Keeping up with Generation Z

It’s a massive misconception that we should be on every social media platform to ‘keep up’ with or reach students, says Campuslife’s Danielle Maloney

From tagging friends in memes to using Geofilters on Snapchat to posting Instagram stories, how can we possibly keep up with this ever-changing digital world? We’re constantly having to re-evaluate our ways of doing things to meet the next generation of students’ needs and expectations, and there’s no magical handbook out there to guide us.

Social media has become an integral part of life for students and even more so for the upcoming generations. It greatly influences our students’ everyday lives, from how they communicate to how they learn to how they experience the world. If we want to successfully reach our students, we need to change and adapt to this new digital world with them. With numerous platforms like Facebook, Twitter, Instagram, etc though, how do we know which one(s) to use?

There’s a massive misconception that we should be on every social media platform to ‘keep up’ with or reach students, but this has proved to be far too much work, yielding little results. Unless you have a social media guru who has time to monitor and dedicate time to all these platforms, it’s best to work on getting one or two platforms right. Last year Snapchat was growing in popularity, and many institutions jumped on board putting lots of time and effort into it. Not long after this, however, Instagram introduced its stories feature, shifting popularity back to Instagram. 

Danielle Maloney

It seems an endless cycle of trying to keep up, but it’s fair to say that Facebook, Twitter, Instagram and Snapchat are the best options now. Facebook, although it’s evolved over the years, is still used by students as a tool to validate businesses, people and institutions, to search for events, and to communicate (via Facebook messenger). Twitter is useful for streaming live updates, but only if consistent. When it comes to Instagram and Snapchat, unless you already have a large following on Snapchat, Instagram proves to be the better choice. It’s increasingly more popular and is a great way to promote events and institutions visually.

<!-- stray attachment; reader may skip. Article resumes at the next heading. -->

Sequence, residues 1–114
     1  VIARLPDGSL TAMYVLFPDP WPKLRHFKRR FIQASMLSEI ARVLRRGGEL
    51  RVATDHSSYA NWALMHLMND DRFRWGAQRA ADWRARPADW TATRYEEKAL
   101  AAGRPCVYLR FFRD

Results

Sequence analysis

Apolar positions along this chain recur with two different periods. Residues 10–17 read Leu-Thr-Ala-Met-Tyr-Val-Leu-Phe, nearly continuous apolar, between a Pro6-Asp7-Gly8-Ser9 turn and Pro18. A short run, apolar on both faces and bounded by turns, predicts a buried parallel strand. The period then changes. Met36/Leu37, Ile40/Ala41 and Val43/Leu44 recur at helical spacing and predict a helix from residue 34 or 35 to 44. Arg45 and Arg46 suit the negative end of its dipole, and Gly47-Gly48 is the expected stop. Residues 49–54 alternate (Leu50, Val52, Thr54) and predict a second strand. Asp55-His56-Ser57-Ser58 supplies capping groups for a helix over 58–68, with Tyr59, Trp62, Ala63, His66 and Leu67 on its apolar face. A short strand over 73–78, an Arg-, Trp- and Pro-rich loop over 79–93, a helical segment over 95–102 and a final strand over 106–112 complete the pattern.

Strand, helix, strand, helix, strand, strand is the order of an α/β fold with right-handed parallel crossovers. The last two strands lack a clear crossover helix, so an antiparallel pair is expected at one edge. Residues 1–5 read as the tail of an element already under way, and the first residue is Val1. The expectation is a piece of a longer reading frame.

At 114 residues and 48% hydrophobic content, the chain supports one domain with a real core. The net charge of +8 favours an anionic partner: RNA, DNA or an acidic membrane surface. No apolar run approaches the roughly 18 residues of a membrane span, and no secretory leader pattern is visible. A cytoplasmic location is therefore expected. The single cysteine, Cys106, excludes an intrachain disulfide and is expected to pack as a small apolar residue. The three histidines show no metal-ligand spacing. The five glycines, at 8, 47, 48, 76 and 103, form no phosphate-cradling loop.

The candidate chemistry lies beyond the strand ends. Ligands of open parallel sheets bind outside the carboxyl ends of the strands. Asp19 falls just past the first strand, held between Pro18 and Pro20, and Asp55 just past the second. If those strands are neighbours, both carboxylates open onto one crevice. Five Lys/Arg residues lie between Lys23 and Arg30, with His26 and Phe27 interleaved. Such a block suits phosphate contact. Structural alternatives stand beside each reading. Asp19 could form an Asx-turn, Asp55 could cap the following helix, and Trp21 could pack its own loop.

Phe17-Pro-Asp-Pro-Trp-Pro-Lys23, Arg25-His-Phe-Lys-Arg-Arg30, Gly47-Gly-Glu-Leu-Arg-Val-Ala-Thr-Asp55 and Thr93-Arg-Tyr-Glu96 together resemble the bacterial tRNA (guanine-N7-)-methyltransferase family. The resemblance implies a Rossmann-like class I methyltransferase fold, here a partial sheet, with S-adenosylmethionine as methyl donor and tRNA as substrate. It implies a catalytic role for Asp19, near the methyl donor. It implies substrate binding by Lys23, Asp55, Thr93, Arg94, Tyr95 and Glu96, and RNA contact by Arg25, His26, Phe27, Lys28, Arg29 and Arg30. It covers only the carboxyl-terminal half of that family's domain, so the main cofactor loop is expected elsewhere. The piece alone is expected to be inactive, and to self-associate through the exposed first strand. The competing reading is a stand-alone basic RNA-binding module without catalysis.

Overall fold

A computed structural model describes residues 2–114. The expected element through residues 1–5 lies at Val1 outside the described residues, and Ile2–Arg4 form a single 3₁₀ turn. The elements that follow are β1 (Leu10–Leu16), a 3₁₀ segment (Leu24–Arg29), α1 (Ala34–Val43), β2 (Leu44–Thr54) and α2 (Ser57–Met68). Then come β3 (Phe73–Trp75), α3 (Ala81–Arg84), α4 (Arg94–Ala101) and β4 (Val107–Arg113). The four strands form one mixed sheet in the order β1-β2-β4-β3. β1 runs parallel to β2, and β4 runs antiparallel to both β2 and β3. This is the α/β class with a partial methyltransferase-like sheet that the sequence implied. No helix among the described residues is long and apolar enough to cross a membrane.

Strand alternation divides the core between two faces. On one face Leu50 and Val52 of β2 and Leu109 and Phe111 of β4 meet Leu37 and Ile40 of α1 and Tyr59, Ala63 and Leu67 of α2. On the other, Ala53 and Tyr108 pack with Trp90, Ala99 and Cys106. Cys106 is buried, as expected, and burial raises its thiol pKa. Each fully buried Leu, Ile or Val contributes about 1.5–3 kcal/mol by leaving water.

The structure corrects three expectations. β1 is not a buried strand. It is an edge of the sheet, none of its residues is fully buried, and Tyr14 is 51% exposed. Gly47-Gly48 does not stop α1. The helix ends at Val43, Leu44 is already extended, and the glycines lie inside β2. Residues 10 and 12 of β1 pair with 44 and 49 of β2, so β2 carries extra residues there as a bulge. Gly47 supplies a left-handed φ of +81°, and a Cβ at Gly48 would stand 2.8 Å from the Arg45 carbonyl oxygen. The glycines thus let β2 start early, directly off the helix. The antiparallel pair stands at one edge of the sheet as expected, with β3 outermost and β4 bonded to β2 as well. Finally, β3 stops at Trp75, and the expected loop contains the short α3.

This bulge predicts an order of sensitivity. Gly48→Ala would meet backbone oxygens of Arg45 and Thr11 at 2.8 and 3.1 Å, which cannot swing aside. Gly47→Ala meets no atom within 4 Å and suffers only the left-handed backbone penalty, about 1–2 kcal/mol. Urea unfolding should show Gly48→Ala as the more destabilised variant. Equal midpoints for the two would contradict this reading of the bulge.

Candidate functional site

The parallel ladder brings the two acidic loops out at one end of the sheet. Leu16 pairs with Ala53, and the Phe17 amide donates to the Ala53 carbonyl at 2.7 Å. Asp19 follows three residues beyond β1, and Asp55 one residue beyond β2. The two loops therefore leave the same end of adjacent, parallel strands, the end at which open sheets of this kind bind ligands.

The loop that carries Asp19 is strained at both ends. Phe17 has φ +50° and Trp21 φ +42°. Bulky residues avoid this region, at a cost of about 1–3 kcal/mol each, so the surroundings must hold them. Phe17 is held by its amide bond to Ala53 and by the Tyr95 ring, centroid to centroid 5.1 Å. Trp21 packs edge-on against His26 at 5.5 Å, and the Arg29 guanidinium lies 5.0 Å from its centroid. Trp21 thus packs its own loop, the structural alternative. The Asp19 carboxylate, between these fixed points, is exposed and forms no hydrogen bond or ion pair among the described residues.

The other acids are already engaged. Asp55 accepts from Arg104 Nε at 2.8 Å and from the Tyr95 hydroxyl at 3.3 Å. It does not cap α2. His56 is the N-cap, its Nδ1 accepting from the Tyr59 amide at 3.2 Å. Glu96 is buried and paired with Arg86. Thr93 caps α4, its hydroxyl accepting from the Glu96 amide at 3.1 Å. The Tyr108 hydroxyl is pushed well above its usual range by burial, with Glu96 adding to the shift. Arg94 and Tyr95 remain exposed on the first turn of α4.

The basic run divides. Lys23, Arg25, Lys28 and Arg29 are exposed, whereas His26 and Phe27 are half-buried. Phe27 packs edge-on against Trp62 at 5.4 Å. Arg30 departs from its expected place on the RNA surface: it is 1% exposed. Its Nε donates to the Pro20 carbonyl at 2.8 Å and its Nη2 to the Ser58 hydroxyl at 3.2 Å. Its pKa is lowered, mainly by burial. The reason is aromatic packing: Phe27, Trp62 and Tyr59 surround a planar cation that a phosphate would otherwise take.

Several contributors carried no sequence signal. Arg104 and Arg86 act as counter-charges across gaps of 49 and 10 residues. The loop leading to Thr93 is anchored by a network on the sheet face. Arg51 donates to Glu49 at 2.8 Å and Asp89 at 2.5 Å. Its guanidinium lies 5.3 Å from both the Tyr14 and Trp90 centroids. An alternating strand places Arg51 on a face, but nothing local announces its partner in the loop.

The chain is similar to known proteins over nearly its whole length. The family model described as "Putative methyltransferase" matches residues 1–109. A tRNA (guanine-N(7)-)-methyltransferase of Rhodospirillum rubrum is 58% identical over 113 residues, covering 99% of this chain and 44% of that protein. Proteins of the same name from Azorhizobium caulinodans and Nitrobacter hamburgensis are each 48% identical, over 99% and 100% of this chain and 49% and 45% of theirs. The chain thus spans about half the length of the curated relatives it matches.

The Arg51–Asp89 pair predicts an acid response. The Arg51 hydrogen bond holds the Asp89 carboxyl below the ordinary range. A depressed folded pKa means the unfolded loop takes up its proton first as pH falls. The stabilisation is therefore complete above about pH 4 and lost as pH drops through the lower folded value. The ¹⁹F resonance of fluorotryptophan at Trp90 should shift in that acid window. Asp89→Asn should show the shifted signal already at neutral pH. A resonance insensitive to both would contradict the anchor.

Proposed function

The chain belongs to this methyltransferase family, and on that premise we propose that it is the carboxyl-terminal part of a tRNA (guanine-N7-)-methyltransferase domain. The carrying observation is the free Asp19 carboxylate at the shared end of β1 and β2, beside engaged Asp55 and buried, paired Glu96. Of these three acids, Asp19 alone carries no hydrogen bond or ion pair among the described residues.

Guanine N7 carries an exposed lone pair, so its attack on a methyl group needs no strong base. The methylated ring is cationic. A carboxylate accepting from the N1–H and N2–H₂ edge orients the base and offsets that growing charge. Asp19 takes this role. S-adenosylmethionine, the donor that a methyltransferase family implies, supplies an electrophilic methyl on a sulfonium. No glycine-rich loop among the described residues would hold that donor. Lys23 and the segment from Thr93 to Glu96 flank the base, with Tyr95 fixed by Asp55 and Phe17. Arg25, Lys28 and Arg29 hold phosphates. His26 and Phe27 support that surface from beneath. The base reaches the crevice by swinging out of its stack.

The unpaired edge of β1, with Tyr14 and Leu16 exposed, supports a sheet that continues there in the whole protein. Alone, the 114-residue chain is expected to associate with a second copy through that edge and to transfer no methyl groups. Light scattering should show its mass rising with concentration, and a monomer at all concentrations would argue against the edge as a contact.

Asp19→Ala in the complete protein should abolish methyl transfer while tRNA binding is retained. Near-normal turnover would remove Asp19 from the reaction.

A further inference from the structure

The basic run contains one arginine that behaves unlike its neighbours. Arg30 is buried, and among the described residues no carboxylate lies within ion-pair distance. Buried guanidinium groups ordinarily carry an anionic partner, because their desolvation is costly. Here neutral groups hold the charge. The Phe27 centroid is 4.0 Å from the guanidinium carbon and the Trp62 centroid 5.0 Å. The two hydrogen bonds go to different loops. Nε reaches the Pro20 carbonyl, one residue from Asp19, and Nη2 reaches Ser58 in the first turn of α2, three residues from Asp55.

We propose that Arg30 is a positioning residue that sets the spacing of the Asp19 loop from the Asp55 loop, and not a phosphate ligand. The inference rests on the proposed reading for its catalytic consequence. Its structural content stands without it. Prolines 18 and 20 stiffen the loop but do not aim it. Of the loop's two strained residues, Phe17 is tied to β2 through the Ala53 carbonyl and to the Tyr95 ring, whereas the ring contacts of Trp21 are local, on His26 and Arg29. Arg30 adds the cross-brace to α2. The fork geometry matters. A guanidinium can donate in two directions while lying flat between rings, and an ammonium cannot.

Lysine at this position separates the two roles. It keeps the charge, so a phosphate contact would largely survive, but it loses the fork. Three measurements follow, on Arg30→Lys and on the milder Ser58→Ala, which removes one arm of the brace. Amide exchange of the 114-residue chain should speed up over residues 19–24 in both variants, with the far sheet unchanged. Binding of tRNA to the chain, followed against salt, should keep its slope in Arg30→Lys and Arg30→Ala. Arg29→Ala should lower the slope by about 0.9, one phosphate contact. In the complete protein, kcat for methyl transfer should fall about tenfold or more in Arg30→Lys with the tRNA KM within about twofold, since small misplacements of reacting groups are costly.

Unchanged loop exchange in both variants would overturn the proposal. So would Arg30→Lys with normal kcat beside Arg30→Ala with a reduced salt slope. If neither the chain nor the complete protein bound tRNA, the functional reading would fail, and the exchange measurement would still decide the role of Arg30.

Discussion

It’s extremely important to understand how students use these platforms and to strategise how to use them, but don’t use all of them. If you use Facebook primarily for promoting events, keep it that way. If you use Instagram to show off your campus, keep it that way. Consistency and frequency is key to developing your brand and reputation and students will notice. Having too many platforms without being clear on why you’re using them, not only confuses you, but confuses your students as well.

We recently asked students about their social media usage and found that most students are content strategists without even realising it. They know what days, times, types of content, and platforms will get the most engagement, and strategise around this. Everyone’s competing for their content to be seen; it’s important to adopt similar strategies or your content will get lost in the endless competing streams of information and never be seen. 

Infinite amounts of information can be accessed instantaneously, and over the past few years, we’ve seen a shift from text to images, video, emojis and gifs. If we want to successfully communicate with students, then all content needs to be well thought out and strategically planned, it needs to be easily accessible, able to grab your attention, and it needs to be current, with social media being the key to do this for both current and prospective students.

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